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The still ongoing question 'how close were the nazis to have the atomic bomb' was answered a few years ago. They were ready in 1941. They knew how to get the material and they knew how to built it. The only thing they didn't had was a reactor to produce plutonium. But why didn't they built this reactor?
Nazis were always aware they never would have been able to produce charged uranium in an amount crucial for the war. This was their believe. So the atomic bomb wasn't really high on their priorities list. But in 1941 the so called 'uranium project' around Werner Heisenberg had discovered another fission product: plutonium. And they developed also a method without the need of uranium235 (charged uranium), the implosion driven chain reaction.
According to Heisenbergs own memories, in 1942, he was asked by Albert Speer (minister of armaments industry) how long it would take to make an 'uranium bomb' (the nazi-german atom bomb project was called 'uranium project' and therefore the familiar name by this time was 'uranium bomb' instead of 'atomic bomb'). He answered, about 3 years, concealing that they were ready to built a plutonium only bomb. (Well, he even didn't lie). That was the point, according to Heisenberg, Nazi leaders lost interest on the 'uranium project'.
Until 2007 there was no proof for this testimony given in 1952. By then in an archive in Moscov was discovered a patent application from Carl Friedrich von Weizsäcker, written in 1941. Weizsäcker by this time was a member of Heisenbergs research team on the 'uranium bomb'. Weizsäcker died in 2007 and therefore a biographer who wanted to write about him, made this discovery. This patent application describes exactly the plutonic bomb. As this application seems never to have been handed over to nazi authorities - it seems true what Heisenberg wrote later. They were ready to built it since 1941 but they didn't tell it to authorities and therefore no fission reactor was built to produce the necessary plutonium.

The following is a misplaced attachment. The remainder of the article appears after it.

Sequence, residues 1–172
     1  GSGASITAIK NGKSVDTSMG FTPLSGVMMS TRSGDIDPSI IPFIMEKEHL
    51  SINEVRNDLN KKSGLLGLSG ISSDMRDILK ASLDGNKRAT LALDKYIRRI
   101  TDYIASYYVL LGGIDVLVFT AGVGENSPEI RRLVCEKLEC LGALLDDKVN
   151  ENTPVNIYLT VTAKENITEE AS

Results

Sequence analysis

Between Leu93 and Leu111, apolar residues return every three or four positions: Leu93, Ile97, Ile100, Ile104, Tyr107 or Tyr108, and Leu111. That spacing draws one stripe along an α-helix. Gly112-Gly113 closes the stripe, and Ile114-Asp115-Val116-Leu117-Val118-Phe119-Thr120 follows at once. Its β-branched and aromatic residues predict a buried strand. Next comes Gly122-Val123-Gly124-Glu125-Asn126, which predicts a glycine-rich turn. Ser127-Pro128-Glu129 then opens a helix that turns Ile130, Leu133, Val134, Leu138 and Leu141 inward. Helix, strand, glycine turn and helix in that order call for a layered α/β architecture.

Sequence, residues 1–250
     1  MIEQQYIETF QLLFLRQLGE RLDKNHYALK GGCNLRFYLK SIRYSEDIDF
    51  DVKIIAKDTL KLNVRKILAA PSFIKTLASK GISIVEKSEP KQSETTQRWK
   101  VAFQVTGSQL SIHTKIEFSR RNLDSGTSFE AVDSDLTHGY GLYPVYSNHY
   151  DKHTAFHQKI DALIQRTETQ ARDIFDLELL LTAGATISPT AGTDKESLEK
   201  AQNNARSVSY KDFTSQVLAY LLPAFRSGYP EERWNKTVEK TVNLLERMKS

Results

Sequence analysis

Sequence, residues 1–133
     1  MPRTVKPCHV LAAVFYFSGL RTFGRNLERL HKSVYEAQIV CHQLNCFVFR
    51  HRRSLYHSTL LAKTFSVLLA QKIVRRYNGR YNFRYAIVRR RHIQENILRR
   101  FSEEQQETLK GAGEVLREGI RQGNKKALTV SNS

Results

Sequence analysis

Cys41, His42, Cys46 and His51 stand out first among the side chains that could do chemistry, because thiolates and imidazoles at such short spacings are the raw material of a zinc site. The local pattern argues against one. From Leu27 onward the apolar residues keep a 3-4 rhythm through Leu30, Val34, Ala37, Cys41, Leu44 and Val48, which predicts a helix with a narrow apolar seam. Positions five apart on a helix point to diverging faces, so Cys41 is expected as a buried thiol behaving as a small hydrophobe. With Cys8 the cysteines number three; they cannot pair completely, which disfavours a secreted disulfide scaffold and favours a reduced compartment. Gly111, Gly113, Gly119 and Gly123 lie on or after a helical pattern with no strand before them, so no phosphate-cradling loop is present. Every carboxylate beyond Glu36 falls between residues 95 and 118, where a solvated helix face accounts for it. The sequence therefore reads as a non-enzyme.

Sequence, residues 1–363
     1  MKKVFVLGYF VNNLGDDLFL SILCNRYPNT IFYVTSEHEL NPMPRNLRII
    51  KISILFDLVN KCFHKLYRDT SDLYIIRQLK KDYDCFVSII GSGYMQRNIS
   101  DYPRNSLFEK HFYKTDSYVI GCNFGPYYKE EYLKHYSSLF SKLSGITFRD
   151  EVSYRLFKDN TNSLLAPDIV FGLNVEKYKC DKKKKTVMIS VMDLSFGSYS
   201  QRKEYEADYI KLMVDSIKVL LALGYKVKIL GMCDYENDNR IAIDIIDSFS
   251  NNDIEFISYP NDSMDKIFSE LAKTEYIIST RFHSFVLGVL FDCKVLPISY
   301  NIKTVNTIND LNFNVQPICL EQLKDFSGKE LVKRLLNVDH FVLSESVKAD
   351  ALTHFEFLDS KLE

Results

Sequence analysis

But then - this are really strange coincidences.
As till summer 1941 the manhatten project didn't made any great progress by searching how to get the process stable to split uranium 235 from uranium ore. Then suddenly they discovered how they could split plutonium from the uranium and they developed the idear of an implosion based bomb (the principle later leaded to the two-stage-reaction of the hydrogen bomb), all at the same time. And in 1942 they had in Chicago the world wide first reactor ready to produce plutonium. And it is the next strange coincidence that the russians shortly after the end of ww2 made the same progress, so that Edward Teller and Andrei Sakholov had both the exactly same concept for a nuclear fusion based weapon ready at the same time, in 1948.
And the world wide first nuclear bomb, the trinity test bomb, was a plutonium only bomb with the principle of an implosion bomb - exactly as described by Weizsäcker in 1941 in his unpublished patent application.